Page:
Rathdrum Post 154


Agent Orange/Dioxin Presumptive Diseases

Agent Orange is a highly toxic herbicide used by the U.S. military during the Vietnam War to defoliate hiding places used by the enemy and to clear the perimeters of military installations. Although colorless, it is known as “Agent Orange” because of an orange-colored band painted on the drums used to store and transport it. 

After years of advocacy led by Vietnam Veterans of America, Congress enacted into law the Agent Orange Act of 1991. This legislation empowered the Secretary of Veterans Affairs to declare certain maladies as “presumptive” to exposure to Agent Orange/dioxin and enable Vietnam veterans, as well as some veterans who served along the demilitarized zone in Korea during the late 1960s, to receive treatment and compensation for these health conditions. Service-connected benefits, however, may also be granted for other maladies not yet recognized as presumptive service-connected health conditions.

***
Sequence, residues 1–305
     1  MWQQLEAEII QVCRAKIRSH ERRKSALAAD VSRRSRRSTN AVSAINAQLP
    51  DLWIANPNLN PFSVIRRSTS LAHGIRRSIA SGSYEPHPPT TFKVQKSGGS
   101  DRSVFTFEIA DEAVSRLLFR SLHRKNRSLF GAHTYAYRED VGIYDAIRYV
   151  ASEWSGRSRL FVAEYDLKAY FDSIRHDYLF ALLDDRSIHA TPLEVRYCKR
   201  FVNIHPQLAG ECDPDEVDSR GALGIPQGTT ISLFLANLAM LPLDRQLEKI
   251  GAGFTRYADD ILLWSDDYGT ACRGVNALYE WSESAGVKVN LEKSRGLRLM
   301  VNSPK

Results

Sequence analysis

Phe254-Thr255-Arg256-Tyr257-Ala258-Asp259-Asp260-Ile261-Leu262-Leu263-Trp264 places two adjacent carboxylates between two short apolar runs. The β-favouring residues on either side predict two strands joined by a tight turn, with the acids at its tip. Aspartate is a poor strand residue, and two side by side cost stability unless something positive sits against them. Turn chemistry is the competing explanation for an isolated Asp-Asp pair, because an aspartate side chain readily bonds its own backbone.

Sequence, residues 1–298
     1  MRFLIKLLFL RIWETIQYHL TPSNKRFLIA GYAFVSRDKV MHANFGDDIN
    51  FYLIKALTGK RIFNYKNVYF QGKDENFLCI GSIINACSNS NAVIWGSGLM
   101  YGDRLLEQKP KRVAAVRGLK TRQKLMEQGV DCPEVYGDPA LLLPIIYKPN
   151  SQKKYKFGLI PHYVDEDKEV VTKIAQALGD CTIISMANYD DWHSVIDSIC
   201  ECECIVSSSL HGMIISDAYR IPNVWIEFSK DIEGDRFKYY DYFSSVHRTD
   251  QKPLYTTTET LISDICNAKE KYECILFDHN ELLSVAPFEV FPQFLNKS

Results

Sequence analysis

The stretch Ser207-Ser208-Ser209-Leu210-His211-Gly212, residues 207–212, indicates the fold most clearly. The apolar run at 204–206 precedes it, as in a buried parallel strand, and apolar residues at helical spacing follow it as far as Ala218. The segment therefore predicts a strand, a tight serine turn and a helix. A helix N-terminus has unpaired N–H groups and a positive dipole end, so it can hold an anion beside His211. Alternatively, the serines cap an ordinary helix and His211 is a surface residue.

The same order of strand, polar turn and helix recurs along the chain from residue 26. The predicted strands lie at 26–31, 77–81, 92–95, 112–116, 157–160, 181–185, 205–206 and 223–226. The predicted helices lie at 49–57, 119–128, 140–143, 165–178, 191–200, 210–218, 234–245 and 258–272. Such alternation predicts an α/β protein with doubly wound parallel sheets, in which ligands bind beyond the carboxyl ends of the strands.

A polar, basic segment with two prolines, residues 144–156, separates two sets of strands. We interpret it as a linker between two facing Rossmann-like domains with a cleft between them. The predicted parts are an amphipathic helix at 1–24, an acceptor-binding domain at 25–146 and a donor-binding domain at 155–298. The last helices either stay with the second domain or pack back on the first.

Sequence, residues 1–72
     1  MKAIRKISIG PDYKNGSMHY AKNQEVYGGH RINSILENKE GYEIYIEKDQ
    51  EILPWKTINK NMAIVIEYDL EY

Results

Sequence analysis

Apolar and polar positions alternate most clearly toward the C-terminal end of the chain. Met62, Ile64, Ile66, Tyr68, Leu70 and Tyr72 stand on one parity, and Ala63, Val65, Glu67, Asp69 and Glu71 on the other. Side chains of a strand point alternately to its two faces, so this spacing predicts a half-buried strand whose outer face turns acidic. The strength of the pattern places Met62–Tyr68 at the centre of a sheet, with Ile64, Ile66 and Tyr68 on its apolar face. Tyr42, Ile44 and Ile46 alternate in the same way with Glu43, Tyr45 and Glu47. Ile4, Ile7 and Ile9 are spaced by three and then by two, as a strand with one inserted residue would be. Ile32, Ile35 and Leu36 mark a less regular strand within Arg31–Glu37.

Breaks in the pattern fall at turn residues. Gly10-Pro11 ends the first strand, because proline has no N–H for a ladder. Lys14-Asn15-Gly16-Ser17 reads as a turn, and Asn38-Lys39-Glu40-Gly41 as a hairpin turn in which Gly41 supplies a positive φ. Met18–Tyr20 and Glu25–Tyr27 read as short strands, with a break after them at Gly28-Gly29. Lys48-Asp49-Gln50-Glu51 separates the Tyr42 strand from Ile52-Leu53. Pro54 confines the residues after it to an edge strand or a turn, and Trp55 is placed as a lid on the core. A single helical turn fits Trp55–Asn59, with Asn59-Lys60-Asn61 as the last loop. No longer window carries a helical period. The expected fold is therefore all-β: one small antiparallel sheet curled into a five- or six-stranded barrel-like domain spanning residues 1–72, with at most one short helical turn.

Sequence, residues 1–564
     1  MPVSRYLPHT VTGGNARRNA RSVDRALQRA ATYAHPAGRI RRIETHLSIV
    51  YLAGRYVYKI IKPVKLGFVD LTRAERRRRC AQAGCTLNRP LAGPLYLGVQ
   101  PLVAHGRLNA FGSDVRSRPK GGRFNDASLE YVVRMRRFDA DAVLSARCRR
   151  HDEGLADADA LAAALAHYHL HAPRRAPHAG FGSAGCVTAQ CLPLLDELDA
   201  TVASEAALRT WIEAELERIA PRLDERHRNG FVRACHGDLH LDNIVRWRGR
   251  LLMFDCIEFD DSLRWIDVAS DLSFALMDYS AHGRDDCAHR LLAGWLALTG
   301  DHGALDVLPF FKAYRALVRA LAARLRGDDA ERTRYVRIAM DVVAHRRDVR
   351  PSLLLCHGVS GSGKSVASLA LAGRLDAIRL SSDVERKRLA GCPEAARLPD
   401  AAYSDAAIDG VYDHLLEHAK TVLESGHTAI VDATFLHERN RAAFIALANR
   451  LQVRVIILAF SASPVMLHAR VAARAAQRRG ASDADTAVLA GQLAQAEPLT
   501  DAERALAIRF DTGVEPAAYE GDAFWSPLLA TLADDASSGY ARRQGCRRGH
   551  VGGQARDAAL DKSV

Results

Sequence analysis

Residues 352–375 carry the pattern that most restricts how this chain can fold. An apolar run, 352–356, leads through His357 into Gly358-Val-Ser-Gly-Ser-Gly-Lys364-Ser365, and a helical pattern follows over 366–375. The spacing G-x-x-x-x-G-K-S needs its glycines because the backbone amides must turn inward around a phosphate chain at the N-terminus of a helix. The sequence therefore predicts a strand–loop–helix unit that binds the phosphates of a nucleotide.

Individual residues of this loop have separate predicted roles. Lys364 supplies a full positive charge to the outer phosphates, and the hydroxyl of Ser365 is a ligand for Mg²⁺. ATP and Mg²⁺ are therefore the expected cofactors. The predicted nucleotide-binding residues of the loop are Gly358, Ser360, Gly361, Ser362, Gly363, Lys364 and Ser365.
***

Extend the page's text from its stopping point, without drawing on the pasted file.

Presumptive Service Connected Illnesses Recognized by the VA as Connected to Agent Orange Herbicide Exposure

Cancers –

*subject to time requirements for purposes of filing claims

NOTE: This list may change over time. For official updated list, go HERE.

Here is a new study linking Agent Orange exposure and dementia.